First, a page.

How Chris Hadrill, a specialist employment solicitor, represented a client in settlement agreement negotiations and secured the client an increase of over £3,000 when allegations were put to the client that they had engaged in misconduct in the workplace. Chris also helped the client to secure other amendments to their settlement agreement.
Melania (not her real name) worked for a nursery company for a number of years. She was approached by her employer and told that she was being accused of being disruptive in the workplace and lying. Melania disputed these allegations and sought legal advice. She instructed Redmans to negotiate her settlement agreement for her and Chris Hadrill, the partner in the employment department at Redmans, advised Melania on her matter. In particular, Melania wanted to negotiate the tax-free ex-gratia value of the package she was being offered and improve the reference she was being offered.
What we did
Chris discussed Melania’s concerns about the situation with her, as well as the requirements that she had for the amendment of the settlement agreement. Chris agreed a list of amendments with Melania and sought to negotiate these with her employer, representing her in the settlement agreement negotiations.
Chris negotiated a higher value of settlement agreement (an increase of £3,000 to the ex-gratia value that had initially been proposed) for Melania. Chris also managed to persuade Melania’s employer to amend the reference as Melania had requested, as well as securing a number of other improvements to the settlement agreement that Melania had requested. Finally, it was agreed that Melania’s employer would increase their coverage of legal fees under the settlement agreement so as to cover a large amount of the cost of Melania receiving legal advice.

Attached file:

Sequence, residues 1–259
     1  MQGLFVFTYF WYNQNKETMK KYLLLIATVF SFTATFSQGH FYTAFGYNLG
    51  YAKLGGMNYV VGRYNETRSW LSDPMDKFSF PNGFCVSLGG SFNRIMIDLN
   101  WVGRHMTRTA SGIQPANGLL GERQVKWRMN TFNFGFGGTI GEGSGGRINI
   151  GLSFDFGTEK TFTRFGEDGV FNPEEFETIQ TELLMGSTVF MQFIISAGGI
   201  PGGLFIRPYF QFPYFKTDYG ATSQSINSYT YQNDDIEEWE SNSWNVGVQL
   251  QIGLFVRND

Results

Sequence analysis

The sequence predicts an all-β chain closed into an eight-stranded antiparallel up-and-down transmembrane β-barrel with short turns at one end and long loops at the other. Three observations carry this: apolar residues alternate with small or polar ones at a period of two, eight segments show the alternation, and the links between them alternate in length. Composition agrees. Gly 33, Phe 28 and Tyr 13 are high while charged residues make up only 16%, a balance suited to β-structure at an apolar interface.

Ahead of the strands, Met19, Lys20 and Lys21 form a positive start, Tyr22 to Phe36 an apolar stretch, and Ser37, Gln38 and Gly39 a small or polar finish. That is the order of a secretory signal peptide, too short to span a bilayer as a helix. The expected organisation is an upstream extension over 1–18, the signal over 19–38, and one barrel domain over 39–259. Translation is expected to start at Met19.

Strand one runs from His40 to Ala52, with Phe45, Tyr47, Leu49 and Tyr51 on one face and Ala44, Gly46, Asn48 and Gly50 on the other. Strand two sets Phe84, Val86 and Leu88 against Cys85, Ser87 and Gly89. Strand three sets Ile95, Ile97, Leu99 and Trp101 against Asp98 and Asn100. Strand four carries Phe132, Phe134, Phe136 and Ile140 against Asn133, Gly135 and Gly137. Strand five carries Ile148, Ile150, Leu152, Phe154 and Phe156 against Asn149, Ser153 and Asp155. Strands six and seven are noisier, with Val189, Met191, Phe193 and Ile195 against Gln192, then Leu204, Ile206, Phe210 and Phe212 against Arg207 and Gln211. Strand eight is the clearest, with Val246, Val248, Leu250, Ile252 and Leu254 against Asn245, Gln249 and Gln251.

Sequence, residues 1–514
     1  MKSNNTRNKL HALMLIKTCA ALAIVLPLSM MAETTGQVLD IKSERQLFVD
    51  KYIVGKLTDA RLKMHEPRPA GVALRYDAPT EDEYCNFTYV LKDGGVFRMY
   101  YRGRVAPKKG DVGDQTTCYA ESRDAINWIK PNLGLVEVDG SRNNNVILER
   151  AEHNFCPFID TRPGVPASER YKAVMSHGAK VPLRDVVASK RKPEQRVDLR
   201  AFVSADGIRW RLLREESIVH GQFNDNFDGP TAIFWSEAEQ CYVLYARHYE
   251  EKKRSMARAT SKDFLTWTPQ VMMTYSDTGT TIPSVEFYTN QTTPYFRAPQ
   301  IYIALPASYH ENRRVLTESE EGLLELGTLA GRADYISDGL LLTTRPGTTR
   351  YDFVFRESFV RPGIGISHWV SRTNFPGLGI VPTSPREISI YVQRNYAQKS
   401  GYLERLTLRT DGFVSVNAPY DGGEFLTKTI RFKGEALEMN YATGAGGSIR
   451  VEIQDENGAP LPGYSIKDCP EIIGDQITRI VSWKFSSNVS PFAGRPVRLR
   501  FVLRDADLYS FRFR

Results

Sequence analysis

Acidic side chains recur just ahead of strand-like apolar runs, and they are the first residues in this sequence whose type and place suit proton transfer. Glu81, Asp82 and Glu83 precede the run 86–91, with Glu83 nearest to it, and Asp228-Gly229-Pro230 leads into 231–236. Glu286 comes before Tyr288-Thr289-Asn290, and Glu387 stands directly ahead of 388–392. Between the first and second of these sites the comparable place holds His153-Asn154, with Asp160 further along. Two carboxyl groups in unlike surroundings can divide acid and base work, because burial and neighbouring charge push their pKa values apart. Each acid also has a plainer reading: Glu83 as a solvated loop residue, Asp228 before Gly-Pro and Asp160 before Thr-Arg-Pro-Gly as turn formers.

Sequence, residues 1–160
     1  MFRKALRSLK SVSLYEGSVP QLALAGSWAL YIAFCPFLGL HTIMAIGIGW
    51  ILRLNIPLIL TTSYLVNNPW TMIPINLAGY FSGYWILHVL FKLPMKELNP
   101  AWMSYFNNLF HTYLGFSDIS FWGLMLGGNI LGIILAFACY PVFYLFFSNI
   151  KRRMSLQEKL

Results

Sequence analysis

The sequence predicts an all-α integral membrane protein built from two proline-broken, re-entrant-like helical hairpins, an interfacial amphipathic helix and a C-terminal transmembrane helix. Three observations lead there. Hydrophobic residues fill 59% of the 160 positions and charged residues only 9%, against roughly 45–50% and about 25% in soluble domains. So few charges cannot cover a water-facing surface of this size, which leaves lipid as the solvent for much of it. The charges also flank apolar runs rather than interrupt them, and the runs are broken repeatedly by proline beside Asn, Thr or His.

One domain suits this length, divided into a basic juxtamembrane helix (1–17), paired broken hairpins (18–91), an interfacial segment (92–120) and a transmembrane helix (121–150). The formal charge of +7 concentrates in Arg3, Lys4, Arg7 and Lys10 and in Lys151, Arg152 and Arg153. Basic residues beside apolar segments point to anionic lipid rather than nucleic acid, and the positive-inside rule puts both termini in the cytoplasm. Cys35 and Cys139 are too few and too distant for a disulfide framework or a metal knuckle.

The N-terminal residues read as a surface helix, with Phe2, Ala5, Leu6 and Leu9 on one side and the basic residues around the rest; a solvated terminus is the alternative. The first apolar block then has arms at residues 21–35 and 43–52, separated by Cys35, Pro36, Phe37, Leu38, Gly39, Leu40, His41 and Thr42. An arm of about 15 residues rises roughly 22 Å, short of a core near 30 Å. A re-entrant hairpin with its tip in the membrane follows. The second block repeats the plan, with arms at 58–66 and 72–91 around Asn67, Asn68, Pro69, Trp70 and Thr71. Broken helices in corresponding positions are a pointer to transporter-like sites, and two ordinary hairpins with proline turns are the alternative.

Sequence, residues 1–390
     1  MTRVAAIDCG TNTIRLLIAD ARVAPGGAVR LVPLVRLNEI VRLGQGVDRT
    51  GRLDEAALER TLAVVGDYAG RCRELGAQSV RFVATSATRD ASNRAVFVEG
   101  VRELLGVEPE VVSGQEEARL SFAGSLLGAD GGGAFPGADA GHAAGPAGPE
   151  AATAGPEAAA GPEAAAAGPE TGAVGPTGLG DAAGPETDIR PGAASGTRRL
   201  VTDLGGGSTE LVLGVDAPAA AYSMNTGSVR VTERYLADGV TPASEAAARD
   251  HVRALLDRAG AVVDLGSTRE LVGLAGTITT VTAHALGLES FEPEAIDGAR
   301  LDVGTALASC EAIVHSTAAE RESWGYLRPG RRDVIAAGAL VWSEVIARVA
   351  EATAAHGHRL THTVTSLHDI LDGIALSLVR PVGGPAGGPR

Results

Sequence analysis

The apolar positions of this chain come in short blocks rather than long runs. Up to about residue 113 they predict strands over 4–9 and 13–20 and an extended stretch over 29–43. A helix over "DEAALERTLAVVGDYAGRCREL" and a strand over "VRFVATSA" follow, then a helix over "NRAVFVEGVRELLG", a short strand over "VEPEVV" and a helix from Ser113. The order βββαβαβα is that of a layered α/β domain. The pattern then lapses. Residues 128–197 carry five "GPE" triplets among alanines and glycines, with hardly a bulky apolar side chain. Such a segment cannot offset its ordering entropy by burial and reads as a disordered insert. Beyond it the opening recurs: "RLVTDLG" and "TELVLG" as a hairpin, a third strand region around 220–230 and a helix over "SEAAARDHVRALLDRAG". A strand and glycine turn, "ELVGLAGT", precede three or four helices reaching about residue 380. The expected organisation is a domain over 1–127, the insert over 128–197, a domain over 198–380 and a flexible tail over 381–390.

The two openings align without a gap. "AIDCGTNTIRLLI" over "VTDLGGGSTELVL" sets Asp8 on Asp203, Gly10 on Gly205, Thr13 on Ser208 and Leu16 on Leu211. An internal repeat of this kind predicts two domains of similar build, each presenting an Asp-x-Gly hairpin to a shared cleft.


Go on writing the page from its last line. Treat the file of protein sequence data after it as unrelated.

After a short period of negotiation, as detailed above, Melania’s employer agreed to increase the value of the tax-free ex-gratia sum of the settlement agreement by over £3,000 (a sum equal to approximately a month’s salary for Melania), to pay Melania out for her notice period and holiday, improve the reference as Melania had requested, and increase the value of the legal cost coverage that her employer was willing to pay. It was also agreed that the terms of the agreement – and the reason for Melania leaving her employer – would be covered by a mutual confidentiality clause, that both parties would agree to not say derogatory things about the other after the agreement was completed, and that Melania would receive an agreed written reference from the business in the future.
Chris Hadrill, the specialist employment solicitor who dealt with Melania’s case, commented on the case: “I was delighted to assist Melania in securing an improvement to the terms of her settlement agreement and, in particular, improving the nature of the reference that was to be provided and the value of the tax-free ex-gratia sum payable under the settlement agreement.”